Objectives: We test whether the association between state religiosity and distance traveled is moderated by population age during the novel coronavirus (COVID-19) pandemic. Methods: Mobility is operationalized as the state-level average median distance traveled from February 24 to May 4 across the contiguous United States. Shelter-in-place rates are operationalized as the state-level percentage of users staying home. State religiosity is measured with an index of aggregated religious identities, beliefs, and practices. Population age is indicated by the state percentage of adults aged 65 years and older. We model population mobility using regression with state clustered robust SEs. Results: We observe that religious states tend to travel more during the early stages of the pandemic. However, the behavioral risks associated with state religiosity are less pronounced in states with larger older populations. Discussion: We contribute to our understanding of the social patterning of pandemic mobility in aging populations.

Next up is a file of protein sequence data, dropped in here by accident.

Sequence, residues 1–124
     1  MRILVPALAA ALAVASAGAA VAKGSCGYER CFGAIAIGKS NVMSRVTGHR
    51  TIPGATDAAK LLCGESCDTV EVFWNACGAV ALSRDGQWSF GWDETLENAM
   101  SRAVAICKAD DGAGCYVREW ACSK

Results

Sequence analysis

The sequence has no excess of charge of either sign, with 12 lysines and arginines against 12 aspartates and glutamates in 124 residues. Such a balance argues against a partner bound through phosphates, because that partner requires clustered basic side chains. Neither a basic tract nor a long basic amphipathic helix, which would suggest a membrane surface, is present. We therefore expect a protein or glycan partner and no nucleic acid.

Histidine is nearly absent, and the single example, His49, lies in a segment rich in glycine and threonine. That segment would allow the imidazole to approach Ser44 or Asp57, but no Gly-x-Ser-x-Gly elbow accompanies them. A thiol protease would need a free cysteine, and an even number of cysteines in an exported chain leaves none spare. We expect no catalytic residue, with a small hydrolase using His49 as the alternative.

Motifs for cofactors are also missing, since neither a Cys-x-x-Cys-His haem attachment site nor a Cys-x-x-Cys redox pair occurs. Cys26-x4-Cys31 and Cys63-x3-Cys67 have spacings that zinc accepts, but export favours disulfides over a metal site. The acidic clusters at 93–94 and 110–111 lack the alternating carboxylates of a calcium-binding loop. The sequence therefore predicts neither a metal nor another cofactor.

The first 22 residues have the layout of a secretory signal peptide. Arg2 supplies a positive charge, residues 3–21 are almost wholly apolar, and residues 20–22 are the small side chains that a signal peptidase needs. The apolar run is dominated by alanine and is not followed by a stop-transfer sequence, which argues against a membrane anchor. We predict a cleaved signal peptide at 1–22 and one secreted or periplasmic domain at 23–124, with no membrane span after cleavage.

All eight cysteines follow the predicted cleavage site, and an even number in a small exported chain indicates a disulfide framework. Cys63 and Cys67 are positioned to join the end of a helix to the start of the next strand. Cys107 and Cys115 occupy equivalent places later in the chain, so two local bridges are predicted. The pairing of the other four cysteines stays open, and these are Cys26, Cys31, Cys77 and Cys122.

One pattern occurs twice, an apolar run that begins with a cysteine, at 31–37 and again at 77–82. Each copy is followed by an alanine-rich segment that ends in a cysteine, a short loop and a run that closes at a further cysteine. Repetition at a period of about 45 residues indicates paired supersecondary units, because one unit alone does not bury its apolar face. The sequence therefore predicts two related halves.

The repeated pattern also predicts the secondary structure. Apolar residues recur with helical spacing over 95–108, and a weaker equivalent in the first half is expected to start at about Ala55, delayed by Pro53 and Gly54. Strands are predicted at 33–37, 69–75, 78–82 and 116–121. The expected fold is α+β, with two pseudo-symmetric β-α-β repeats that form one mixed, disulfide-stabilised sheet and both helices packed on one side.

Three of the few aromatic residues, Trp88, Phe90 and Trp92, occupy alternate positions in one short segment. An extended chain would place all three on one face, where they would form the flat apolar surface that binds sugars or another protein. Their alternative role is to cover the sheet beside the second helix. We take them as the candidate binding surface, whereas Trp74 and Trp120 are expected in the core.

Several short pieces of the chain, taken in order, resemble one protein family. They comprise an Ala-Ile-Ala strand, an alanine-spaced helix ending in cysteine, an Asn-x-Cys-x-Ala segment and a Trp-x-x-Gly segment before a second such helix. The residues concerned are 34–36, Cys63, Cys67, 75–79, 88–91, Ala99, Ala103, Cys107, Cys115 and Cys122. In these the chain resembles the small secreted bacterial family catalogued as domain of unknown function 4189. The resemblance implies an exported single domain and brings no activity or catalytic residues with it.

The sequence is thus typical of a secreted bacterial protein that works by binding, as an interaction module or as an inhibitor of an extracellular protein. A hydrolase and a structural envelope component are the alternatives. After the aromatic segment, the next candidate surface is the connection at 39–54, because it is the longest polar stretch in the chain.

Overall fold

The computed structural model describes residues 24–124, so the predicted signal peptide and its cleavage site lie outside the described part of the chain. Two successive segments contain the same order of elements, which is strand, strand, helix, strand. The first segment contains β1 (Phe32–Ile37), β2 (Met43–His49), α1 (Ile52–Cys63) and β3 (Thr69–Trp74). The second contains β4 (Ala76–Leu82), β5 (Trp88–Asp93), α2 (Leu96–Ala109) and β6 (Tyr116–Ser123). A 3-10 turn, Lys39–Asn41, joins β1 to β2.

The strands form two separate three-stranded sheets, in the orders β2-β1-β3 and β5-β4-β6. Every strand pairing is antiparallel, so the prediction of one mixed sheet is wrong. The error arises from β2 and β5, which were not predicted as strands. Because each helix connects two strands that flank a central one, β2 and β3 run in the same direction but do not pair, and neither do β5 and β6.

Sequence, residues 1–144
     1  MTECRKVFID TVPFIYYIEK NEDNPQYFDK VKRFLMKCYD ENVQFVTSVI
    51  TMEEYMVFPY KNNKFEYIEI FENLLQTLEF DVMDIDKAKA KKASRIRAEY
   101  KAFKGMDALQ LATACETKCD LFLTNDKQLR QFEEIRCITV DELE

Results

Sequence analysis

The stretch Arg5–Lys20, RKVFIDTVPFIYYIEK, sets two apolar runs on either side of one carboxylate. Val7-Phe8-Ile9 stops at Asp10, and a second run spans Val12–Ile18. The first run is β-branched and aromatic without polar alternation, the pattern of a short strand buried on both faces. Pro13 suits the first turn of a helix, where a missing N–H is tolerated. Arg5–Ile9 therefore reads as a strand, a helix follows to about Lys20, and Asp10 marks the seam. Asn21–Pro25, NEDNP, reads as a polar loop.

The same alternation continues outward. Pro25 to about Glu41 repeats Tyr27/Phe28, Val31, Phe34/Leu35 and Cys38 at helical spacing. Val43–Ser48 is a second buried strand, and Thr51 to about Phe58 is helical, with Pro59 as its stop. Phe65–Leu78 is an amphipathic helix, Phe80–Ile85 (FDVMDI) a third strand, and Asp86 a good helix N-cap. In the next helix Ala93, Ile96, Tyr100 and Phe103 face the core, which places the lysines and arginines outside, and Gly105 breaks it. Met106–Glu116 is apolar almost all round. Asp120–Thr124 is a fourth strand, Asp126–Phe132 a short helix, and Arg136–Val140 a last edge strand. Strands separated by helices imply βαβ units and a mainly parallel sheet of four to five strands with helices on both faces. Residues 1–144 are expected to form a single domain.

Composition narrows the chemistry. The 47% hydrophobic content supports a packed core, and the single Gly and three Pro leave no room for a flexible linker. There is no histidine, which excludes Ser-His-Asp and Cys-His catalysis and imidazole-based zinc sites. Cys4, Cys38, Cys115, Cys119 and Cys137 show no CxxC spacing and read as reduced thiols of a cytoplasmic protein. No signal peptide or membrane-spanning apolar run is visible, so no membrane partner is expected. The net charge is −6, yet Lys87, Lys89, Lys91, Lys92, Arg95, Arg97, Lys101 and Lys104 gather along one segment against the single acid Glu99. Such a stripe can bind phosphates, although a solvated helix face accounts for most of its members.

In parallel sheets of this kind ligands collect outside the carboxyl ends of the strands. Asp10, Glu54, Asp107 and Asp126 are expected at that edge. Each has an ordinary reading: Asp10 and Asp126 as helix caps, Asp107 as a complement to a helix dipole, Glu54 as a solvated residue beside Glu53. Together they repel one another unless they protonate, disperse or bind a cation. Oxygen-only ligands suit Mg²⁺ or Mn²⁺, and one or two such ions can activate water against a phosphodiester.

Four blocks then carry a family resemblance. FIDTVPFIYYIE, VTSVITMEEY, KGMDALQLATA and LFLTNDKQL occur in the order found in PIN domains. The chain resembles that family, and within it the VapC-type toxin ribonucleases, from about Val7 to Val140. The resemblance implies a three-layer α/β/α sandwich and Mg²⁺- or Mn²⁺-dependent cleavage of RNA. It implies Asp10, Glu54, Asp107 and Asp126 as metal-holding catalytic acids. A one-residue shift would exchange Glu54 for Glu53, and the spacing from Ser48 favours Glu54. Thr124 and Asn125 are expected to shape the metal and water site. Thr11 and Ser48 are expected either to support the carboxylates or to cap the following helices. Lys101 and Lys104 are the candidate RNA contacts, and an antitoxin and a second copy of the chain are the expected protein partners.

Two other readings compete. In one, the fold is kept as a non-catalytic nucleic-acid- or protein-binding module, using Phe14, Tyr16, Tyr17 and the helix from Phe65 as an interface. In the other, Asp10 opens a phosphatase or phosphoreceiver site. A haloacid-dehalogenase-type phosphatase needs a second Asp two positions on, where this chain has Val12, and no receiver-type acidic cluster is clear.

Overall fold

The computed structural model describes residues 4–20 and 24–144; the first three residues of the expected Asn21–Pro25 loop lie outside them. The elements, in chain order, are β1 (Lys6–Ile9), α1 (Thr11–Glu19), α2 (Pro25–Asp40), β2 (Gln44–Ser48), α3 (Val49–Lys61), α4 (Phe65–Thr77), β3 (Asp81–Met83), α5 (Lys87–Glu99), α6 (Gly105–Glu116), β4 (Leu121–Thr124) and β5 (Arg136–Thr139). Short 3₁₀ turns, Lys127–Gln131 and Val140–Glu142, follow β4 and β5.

- aging populations
ASJC Scopus subject areas
- Health(social science)
- Sociology and Political Science
- Life-span and Life-course Studies